Nuclear, Reactors

EDF selects Flamanville site for new EPR nuclear facility

22 October 2004 – The board of Electricité de France (EDF) has agreed to build a forerunner European Pressurized Water Reactor (EPR ) nuclear reactor at Flamanville in Northern France. The decision was announced Thursday and, as required, will be referred to the National Public Debate Commission in the next few days.

Nuclear power group Framatome ANP will supply the EPR technology, which marks the second sales success for this new reactor generation, following an order from TVO in Finland in December 2003.

The Flamanville location in Normandy was selected from amongst the 20 EDF nuclear generation sites owing to the property reserves available, electricity transmission capacity to transmit the power generated, the environmental issues and the conditions for reception of the construction site and facility.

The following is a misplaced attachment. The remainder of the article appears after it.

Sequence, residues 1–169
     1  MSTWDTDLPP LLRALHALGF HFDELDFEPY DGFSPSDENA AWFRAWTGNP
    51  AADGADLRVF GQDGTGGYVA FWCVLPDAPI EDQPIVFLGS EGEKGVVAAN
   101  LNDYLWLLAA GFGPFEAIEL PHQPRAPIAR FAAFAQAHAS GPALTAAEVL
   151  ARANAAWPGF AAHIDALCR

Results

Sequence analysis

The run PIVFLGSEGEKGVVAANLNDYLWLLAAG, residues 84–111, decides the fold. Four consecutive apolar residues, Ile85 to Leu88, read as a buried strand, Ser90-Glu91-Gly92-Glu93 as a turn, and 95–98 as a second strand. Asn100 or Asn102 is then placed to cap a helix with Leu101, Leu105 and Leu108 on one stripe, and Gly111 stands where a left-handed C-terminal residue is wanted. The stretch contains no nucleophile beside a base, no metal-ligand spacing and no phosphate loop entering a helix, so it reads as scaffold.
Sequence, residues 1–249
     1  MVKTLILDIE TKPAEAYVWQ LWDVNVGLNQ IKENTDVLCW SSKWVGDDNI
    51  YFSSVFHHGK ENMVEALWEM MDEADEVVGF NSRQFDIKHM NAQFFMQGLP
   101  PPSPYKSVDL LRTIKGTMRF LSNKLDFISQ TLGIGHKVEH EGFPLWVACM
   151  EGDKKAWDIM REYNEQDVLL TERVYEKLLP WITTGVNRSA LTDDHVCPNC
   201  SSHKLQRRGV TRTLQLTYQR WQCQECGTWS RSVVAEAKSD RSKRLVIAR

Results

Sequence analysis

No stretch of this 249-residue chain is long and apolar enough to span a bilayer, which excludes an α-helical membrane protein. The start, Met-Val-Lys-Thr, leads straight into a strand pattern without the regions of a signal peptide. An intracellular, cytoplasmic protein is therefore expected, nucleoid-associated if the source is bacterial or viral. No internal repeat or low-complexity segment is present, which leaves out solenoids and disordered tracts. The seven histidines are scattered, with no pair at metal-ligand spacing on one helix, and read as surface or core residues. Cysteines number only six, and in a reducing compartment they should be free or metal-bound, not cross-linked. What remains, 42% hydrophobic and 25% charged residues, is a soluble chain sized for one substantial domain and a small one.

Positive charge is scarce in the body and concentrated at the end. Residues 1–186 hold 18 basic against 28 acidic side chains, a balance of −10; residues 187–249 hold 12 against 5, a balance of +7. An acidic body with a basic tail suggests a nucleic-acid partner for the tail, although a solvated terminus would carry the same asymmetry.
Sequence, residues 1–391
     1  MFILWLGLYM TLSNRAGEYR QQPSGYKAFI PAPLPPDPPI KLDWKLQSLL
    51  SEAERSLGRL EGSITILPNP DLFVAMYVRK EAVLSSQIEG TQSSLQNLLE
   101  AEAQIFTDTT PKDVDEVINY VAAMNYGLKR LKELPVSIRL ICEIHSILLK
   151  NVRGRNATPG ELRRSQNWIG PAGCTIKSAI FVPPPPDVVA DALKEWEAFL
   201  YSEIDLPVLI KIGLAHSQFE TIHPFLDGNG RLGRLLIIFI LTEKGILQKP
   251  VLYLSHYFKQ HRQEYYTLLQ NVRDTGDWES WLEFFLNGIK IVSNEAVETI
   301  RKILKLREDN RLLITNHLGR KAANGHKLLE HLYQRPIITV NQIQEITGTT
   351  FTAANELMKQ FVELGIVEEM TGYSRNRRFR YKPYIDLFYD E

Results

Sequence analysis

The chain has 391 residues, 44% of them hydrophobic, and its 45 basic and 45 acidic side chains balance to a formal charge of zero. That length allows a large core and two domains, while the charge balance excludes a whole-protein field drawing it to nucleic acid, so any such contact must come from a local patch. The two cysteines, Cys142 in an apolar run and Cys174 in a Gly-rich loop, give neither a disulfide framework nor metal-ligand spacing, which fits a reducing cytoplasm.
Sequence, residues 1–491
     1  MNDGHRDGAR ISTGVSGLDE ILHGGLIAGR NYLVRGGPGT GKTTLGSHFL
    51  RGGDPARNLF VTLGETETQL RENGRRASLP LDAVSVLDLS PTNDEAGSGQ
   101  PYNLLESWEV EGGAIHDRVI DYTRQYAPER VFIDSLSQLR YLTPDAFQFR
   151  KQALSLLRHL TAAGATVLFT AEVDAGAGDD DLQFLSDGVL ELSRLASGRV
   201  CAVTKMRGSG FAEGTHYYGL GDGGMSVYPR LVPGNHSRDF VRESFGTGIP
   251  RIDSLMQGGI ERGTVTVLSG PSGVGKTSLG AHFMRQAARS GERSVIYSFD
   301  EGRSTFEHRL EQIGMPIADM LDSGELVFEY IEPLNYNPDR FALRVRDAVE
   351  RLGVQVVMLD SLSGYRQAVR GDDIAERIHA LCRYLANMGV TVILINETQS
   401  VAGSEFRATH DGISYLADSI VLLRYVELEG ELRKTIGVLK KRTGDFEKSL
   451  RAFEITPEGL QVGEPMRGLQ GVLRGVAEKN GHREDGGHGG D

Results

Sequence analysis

The EPR project is to be carried out over a five-year period starting in 2007. According to Pierre Gadonneix, chairman of EDF, “Launching the EPR will contribute to ensuring Europe’s energy independence in the coming decades. Eventually, its role will be to permit EDF to renew its generation plant and to do so in a competitive way. It will strengthen EDF’s technological edge and will be a technological showcase for export markets. This investment choice expresses EDF’s goal to maintain its position as the world’s leading producer of nuclear-based electricity.”

The EPR is the only reactor in the world in which in the unlikely event of a severe core meltdown would have no consequences on the area around the plant. The EPR is a pressurized water reactor which uses nuclear fuel to the full to generate a maximum of energy, while producing less waste.

With a capacity of around 1600 MW, greater availability and easy maintenance, Aveva claims that the EPR will cut kWh production costs by 10 per cent compared to current reactors. The EPR is the only third generation reactor under construction today.

The EPR was developed by Framatome and Siemens whose nuclear activities merged in January 2001 to form Framatome ANP, an Areva and Siemens company